Nonetheless, when the audience has filled the restored theater’s comfortable seats and the cameras begin to roll, all that’s past. The trio, who have swapped their blue jeans for earth-toned suits and are augmented by bass and drums, start with a sprint through "Glide On." Robillard takes the first solo, which is full of precisely sculpted notes. Then Geils steps in, upping the ante with slurs and unpredictable accents, and he’s followed by Beaudoin, who caps his solo with a long, smart statement chiseled from gorgeous chords that brings a flood of applause.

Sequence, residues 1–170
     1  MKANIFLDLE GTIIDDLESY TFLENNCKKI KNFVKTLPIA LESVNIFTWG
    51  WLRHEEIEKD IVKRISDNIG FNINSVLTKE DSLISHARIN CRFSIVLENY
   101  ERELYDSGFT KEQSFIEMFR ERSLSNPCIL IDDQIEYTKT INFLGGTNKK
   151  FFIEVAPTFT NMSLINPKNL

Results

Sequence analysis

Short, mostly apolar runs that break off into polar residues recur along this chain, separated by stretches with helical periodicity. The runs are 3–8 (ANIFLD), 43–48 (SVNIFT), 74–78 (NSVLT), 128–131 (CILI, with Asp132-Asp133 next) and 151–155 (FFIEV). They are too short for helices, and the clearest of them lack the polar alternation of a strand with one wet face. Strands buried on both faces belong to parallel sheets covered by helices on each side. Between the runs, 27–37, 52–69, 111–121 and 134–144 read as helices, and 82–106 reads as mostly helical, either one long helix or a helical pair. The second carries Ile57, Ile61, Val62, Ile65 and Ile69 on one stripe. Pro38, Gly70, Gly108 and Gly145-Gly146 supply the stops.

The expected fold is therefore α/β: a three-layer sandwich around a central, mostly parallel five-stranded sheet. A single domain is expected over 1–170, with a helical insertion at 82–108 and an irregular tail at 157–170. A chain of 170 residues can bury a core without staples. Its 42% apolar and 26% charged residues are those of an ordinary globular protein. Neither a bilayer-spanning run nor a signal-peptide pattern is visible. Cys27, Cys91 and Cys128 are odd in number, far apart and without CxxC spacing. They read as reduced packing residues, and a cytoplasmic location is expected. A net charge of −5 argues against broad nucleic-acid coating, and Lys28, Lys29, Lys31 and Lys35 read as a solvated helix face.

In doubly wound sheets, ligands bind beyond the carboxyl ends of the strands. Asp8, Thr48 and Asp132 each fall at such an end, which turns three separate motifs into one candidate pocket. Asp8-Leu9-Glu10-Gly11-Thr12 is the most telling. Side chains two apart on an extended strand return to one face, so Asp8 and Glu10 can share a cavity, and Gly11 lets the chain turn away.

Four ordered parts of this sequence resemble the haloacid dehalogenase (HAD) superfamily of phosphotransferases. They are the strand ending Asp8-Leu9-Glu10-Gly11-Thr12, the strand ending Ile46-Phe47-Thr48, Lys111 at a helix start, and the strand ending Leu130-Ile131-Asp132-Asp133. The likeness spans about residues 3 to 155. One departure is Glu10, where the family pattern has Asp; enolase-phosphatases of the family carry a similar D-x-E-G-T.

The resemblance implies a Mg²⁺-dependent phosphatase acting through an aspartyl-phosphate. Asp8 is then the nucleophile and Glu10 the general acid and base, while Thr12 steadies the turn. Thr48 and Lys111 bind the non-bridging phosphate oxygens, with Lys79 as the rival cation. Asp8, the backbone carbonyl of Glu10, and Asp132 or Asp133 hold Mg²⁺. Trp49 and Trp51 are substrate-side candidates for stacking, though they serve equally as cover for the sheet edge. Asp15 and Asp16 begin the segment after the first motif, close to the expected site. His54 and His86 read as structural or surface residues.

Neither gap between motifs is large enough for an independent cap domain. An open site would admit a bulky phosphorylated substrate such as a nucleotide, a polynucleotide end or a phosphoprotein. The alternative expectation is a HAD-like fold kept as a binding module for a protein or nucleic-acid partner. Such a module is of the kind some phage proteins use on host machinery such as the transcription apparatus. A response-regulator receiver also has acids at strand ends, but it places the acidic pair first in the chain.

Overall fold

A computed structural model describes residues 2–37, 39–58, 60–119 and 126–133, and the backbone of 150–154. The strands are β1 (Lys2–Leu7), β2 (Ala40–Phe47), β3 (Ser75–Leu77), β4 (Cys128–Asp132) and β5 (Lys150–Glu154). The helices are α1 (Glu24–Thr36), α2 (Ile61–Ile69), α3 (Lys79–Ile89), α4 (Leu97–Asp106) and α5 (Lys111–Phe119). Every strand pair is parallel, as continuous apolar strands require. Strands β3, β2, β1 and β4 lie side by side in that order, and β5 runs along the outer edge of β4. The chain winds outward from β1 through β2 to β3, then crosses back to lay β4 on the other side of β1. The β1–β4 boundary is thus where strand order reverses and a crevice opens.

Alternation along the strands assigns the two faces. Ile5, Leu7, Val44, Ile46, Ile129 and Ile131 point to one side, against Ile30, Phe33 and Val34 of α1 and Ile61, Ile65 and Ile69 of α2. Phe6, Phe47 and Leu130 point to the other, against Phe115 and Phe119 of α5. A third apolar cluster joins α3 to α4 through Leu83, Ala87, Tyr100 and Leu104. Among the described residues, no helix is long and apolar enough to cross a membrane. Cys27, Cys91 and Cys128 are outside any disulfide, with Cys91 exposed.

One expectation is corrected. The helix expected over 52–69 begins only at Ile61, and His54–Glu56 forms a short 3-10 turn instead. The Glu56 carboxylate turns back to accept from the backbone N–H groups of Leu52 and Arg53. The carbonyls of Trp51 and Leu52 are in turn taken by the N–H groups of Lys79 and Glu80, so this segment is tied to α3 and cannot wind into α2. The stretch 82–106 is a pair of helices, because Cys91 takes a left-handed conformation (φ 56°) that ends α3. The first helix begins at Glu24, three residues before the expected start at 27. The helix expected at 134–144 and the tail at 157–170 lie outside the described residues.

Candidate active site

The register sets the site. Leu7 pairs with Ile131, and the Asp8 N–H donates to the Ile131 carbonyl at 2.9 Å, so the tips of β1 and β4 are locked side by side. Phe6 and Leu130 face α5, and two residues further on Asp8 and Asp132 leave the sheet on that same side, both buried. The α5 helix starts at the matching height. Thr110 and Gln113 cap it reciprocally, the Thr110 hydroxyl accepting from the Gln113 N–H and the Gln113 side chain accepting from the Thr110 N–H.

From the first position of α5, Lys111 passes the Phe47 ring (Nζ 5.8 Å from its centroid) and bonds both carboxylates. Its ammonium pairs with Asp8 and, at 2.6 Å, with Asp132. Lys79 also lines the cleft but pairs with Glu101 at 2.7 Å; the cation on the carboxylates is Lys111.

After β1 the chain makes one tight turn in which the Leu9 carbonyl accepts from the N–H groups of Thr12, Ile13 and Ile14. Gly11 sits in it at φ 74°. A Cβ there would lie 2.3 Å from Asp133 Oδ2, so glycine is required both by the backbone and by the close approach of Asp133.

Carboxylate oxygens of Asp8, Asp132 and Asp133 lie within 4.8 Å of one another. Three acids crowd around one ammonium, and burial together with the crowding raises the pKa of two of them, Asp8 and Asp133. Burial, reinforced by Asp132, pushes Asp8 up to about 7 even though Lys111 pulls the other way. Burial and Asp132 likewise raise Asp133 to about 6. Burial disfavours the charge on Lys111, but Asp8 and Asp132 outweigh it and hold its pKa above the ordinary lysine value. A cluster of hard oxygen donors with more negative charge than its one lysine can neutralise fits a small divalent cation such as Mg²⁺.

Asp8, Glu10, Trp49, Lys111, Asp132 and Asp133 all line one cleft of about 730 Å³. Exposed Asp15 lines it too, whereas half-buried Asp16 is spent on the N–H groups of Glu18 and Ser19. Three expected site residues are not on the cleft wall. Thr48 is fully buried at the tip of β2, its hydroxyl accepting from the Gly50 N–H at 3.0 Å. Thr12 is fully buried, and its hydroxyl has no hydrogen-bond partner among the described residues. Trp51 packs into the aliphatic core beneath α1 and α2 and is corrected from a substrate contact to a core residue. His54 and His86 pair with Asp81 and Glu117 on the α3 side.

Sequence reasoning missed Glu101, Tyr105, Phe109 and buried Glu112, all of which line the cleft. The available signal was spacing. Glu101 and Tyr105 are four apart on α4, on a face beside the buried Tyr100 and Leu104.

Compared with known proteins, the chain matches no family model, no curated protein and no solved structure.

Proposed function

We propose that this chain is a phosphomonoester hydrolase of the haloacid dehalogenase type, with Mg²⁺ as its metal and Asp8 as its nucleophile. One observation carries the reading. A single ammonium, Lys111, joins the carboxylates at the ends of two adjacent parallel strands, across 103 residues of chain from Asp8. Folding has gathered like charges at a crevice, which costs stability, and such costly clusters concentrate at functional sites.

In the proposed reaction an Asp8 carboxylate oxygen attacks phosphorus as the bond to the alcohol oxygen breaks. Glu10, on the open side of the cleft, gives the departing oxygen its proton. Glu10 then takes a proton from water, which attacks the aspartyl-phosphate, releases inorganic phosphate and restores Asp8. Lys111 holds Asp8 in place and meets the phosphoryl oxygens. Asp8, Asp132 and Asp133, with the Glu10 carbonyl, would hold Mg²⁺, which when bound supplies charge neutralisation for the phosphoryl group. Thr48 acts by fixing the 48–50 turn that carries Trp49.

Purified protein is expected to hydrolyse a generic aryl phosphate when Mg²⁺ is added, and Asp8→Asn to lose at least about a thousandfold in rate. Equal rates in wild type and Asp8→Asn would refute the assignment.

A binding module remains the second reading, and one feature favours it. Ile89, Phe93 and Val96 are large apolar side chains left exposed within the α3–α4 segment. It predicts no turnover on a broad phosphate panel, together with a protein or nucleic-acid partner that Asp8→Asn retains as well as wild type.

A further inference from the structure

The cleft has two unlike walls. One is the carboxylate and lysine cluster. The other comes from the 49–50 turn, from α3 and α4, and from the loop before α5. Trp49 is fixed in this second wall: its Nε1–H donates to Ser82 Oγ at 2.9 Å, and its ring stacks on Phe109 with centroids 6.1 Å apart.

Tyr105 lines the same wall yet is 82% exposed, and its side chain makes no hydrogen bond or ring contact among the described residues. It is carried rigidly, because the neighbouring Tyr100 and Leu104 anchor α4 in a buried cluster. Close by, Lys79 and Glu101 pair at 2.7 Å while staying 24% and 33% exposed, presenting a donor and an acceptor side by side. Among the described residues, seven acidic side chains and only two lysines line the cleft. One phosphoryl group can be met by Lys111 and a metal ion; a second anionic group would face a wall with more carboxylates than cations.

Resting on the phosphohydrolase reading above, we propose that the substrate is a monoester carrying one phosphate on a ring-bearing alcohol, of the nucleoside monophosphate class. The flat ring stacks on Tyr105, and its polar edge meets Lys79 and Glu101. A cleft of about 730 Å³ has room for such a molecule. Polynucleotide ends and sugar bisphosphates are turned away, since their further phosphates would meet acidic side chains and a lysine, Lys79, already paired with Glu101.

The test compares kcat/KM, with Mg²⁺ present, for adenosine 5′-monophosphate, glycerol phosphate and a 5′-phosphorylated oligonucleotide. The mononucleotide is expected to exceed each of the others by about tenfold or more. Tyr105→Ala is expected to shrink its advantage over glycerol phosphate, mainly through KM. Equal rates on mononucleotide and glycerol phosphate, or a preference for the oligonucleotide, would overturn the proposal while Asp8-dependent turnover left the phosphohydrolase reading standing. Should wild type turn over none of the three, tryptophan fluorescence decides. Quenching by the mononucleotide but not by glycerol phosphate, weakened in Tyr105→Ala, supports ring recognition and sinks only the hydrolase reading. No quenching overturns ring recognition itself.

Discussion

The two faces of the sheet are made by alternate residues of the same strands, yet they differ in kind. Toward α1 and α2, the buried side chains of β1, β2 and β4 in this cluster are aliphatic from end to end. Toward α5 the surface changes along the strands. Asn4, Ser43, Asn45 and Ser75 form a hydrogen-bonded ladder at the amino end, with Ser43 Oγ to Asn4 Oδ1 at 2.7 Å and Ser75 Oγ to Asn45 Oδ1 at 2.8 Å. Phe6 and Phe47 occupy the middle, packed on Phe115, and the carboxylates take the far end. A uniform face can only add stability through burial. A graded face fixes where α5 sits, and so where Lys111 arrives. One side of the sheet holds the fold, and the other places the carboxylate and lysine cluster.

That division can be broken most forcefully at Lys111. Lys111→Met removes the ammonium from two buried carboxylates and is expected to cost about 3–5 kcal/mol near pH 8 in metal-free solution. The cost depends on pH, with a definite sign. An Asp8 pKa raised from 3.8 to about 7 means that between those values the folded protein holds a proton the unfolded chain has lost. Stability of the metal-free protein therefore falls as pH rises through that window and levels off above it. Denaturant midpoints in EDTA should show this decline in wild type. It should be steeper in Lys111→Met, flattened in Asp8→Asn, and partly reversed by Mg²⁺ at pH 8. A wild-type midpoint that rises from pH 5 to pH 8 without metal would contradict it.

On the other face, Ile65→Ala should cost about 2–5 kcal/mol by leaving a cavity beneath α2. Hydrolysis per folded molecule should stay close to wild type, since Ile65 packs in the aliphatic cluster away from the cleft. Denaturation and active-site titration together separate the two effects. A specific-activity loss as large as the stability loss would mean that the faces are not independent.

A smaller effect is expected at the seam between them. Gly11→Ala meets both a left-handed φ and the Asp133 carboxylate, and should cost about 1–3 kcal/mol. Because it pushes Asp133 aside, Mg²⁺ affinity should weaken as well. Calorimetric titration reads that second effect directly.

So goes the rest of the November 8 taping of the PBS show CD Highway, this episode being a live-wire celebration of the warm, distortion-free vocabulary of jazz and blues guitar from the ’30s through the ’60s. All three players deliver beautiful solo after beautiful solo, precise harmony and unison playing, and witty turns — like working quotes from Miles Davis’s "All Blues" and a snatch of the Jeopardy theme into exploratory improvisations. Plus there’s husky, soulful singing from Robillard in his "Lonely Blues" and a nice vocal turn through "Ain’t Nobody’s Business" by Beaudoin.